The theory of ascending origin assumes that the solutions were such as ordinarily deposit sulphides and were essentially reducing and that if they had encountered rocks of the ordinary composition they would have deposited sulphides. But because these solutions encountered rock with a high content of ferric iron there were chemical changes before precipitation. Ferric iron was reduced, sulphur was oxidized, and native copper was formed. The lodes rich in ferric iron would be the places most favorable for the precipitation of copper.


     There are throughout the world other deposits of native copper in which the copper appears to have been deposited as native metal and not to have been formed by surface oxidation of some other mineral, such as chalcocite. The chief examples of such deposits occur in Coro Coro, Bolivia; the Triassic areas of New Jersey and Connecticut; Cape d'Or, Nova Scotia; Oberstein, Germany; Commander Island, Russia; the Faroe Islands; Sao Paulo, Brazil; Upper Serbia; the Copper and White River districts, Alaska; the Comobabi Mountains, Arizona; Nova Zembla, Russia; and Coppermine River, Canada. The conditions of occurrence at these localities are set forth below:

     Coro Coro, Bolivia.41 - At Coro Coro occur the largest of a series of similar copper deposits that lie in a zone that extends across the Bolivian high plateau. The copper is found in the Puca red sandstone, of Cretaceous age, in both vein and bedded deposits. Mineralization has occurred at a number of closely spaced horizons. The dominant copper mineral is the native metal, although the sulphide chalcocite and the arsenide domeykite are sparingly developed. Native silver is also found associated with the copper. Oxides of copper occur at the surface but give way to the native metal, which persists at least to 380 meters, the greatest depth attained by the present workings. The sandstone, which away from the ore has a distinctly red color tone due to iron oxide or hydroxide, is bleached in the vicinity of the ore. The copper is thus usually surrounded by a halo of whitish or greenish rock that grades into the red which is the prevalent color of the formation away from ore.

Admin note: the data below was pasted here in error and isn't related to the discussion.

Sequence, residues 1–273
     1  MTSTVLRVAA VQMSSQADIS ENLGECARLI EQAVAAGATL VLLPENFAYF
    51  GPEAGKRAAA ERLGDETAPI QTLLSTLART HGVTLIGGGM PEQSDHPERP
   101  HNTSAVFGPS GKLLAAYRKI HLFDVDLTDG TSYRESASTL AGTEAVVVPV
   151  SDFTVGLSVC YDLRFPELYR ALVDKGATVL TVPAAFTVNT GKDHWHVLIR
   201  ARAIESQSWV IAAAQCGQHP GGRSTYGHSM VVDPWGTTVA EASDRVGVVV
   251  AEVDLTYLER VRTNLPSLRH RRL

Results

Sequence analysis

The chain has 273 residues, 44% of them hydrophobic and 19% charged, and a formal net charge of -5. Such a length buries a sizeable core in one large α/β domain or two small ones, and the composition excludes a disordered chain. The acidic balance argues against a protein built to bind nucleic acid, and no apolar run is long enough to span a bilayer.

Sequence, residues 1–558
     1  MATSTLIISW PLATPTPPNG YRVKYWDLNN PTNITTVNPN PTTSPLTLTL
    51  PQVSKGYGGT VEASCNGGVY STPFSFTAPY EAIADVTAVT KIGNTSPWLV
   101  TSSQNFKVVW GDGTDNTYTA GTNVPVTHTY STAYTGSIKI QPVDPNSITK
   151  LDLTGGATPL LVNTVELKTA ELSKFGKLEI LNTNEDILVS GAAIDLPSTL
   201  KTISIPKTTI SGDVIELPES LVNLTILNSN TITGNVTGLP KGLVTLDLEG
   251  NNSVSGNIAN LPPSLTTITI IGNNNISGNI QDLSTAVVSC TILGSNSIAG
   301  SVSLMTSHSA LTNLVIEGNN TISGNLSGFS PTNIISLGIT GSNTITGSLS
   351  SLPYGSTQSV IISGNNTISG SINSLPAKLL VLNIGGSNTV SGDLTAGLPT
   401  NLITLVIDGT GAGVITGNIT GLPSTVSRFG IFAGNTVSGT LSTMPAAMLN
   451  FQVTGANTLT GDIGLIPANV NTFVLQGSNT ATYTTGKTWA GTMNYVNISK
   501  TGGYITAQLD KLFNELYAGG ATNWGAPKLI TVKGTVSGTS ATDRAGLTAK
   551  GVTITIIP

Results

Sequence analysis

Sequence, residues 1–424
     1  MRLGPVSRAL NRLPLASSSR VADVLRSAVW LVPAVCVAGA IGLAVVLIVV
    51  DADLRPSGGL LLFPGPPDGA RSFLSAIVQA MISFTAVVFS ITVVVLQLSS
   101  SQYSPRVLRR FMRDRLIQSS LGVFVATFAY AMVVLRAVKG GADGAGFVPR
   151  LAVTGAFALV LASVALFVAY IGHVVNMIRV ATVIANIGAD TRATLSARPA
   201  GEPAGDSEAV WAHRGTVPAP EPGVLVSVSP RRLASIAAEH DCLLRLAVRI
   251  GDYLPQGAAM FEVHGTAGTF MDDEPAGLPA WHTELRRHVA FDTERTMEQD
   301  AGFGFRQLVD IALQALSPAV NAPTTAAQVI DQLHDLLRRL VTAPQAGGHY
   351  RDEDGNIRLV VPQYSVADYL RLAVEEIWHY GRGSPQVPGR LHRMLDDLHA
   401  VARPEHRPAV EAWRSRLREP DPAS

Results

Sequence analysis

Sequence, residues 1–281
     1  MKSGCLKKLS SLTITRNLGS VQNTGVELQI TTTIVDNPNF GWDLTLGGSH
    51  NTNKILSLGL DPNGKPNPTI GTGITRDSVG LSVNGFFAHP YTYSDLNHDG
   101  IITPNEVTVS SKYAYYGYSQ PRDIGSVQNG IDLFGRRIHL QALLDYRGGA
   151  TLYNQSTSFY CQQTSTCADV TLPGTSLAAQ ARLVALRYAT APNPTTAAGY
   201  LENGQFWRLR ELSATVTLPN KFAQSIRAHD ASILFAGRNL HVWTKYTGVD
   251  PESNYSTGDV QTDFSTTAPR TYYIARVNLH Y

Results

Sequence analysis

At Coro Coro we evidently have the essential conditions to produce native copper from ascending sulphide solutions. None of the complications of lava flows as possible sources of copper, of ferrous minerals as possible reducers of oxidized copper solutions, nor of zeolites, prehnite, datolite, feldspar, or other associated minerals, that have served to cloud the situation in Michigan, are present. The evidence indicates that the solutions were ascending and that they were of the type that ordinarily would deposit sulphides. They encountered a highly oxidizing environment (red sandstone) and deposited native copper and native silver with considerable copper sulphide (chalcocite) and some arsenides. The rock surrounding the metals was bleached, and sulphates were deposited. The conditions are essentially those that are found in the conglomerate and sandstone lodes of Michigan.

     Triassic of New Jersey.42 - The Triassic of New Jersey consists mainly of characteristic red shale and sandstone but comprises also coarse conglomerate, black argillite, and gray or green flagstone. Both intrusive and extrusive rocks resembling the Lake Superior basalts in composition are also present. The main intrusive mass is that forming the Palisade diabase. The ore occurs in veins, which cut both igneous and sedimentary rocks, and disseminated in the sediments either just below the base of the effusive rocks or close to the dikes.